by WENDY HANKS
2001 was a year of many awakenings for me. The world embraced a culture of fear after 9/11. Wikipedia was launched on the internet. The first ipod was introduced by Apple, and Bratz dolls were being marketed to little girls. 2001 was also the year I bought my little girl into the world at the ripe old age of 18.
Becoming a teenage mum was never part of my plan. I had completed high school with straight A’s lining my report card and a full scholarship to university. My plan was to change the world. I wasn’t sure how I was going to do it, but took it for granted, that change the world – I would.
Babies, dare I say, especially baby girls, have a way of changing your perspective on the world, and for an 18 year old, my coming of age was both a shock and a joy I could never have conceived. There is something about little girls that evokes a protective instinct in mothers that we don’t even afford ourselves.
Why is it that we want our little girls to be “little princesses”, even though we know that it will never happen for them? They are never going to be princesses, and if we dig a little deeper, what we really want for them is that they reach their full potential, unencumbered by sexist stereotypes.
The increasing awareness of the sexualised wallpaper that surrounds our children probably had its genesis with the advent of pop culture at our fingertips. Bratz dolls; born the same year as my daughter, epitomise the insidious way that pop culture is influencing the way we view our little girls and the way they view themselves. Protecting our girls from this culture is near-on impossible. Every step of the way, with my own daughter, I have endeavoured to shield her as much as possible from the sexualised culture, but I realise that with all the clever marketing and peer pressure she is subjected to, my role is probably more fruitful through open communication and education. If she really wanted a Bratz doll, (which by the way she did), we discussed at an age appropriate level, the pros and cons of owning a Bratz doll. Funnily enough, once she owned the Bratz doll, it was relegated to the bottom of the toy box, proving how insidious marketing and peer pressure is.
When discussing with my daughter who she sees as a popular positive role model for girls, it was difficult to sort the wood from the trees. Eventually, Bindi Irwin’s name was at the top of our very small list, along with Taylor Swift.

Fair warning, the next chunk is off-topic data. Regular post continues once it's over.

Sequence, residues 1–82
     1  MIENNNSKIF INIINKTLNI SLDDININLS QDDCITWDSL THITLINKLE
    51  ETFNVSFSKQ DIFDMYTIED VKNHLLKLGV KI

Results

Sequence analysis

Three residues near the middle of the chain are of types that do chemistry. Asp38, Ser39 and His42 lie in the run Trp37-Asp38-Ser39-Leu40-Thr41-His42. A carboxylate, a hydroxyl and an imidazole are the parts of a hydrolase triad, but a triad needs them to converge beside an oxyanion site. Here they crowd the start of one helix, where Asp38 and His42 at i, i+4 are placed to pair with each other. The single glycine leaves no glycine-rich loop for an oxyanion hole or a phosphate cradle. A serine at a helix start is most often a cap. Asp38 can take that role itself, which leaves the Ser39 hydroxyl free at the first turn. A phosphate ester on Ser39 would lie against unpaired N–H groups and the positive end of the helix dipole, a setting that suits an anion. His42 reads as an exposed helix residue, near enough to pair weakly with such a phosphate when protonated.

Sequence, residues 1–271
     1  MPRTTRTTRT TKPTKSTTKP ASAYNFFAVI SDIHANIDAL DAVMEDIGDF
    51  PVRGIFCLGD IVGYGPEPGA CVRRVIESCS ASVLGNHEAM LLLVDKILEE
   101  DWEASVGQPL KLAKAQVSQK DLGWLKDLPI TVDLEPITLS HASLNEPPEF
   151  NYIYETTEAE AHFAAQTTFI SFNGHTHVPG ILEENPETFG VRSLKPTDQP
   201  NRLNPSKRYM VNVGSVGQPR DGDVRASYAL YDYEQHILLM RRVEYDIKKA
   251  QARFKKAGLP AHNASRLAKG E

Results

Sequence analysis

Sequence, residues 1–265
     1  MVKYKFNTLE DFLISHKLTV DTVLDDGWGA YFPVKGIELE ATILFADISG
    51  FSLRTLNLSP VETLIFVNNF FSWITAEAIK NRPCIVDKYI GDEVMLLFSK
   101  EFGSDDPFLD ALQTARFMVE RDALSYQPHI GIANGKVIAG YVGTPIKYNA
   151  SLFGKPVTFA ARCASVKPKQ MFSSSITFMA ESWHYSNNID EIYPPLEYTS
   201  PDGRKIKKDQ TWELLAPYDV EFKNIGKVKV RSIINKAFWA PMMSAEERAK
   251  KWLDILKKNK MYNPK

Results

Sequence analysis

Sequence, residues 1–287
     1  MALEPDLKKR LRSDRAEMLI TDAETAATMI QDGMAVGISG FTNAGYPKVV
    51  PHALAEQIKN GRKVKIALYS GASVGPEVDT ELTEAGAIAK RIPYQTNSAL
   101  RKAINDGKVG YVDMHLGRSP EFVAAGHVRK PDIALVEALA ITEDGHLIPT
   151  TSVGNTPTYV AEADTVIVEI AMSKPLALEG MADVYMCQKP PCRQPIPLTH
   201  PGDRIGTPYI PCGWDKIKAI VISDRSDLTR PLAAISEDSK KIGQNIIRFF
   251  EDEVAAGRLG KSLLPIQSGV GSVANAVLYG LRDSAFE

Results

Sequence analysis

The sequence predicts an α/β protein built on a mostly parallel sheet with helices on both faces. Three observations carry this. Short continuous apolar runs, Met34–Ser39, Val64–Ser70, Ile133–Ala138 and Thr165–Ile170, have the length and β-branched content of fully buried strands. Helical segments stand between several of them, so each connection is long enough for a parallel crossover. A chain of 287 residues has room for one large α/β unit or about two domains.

From my experience as a primary school teacher and mother, pop stars have a huge reach when it comes to kids. Much of the music, lyrics and accompanying music videos clips accessible by school aged children are highly sexualised and are causing our children to have a skewed view of the world.
I see a definite “gap” in the commercialised music industry that doesn’t cater to school aged children (ages 6-12). I think I can change the world, one song at a time.
Justine Clark and The Wiggles are available for the bubs and tots; teenagers have an array of pop, hip hop and rock to listen to from the charts, but the school aged children who fit in this gap don’t have much available that is appropriate or meaningful, that children of this age bracket can relate to.
Project Clarity was born! Clarity being my stage-name, represents a performer stuck between girlhood and womanhood. She’s fun, but not a bimbo. She’s smart, but not a geek. She’s a tomboy, with a streak of femininity. She breaks the mould. She is ready to fill the gap with her songs catering to primary school aged children. All songs deliver healthy messages for kids and steer away from the sexualised content that many children are being exposed to in pop culture.
Clarity’s debut album is suitably titled “The Gap”. It contains 15 original songs, ranging from topics such as friends, bullying, family, the environment, the internet and more. Her songs have a deliberate hiphop/pop sound, to appeal to the target age group. Parents of primary school aged children will find this approach refreshing and appropriate.
Creative people very often are the ones least able to finance their ideas and talents. Me being no exception. Thank goodness for Crowdfunding – a fast-paced emerging phenomenon that is allowing artists to find like-minded people who love their ideas, and the masses can then help to get a worthwhile project off the ground, via social networking helping to spread the word.
Clarity needs $15,000 to professionally record, produce and master her album in the studio. Please help Clarity record her first album in Perth, to get her on the road to reaching Australian children and spreading the positivity. Please donate $10 at www.pozible.com/clarity. It is an “all or nothing” campaign. In return, local Perth supporters will receive free concert tickets and interstate supporters will receive a signed Clarity poster.
You can have a listen to Clarity’s rough demo tracks (‘rough’ meaning ‘low budget with time constraints’) at www.reverbnation.com/clarityoz
The track ‘Bystander’ is a song about bullying and how significant the role of the bystander can be.
The track ‘Family’ reminds us of our important loved ones and how all families (no matter what size or shape) are special.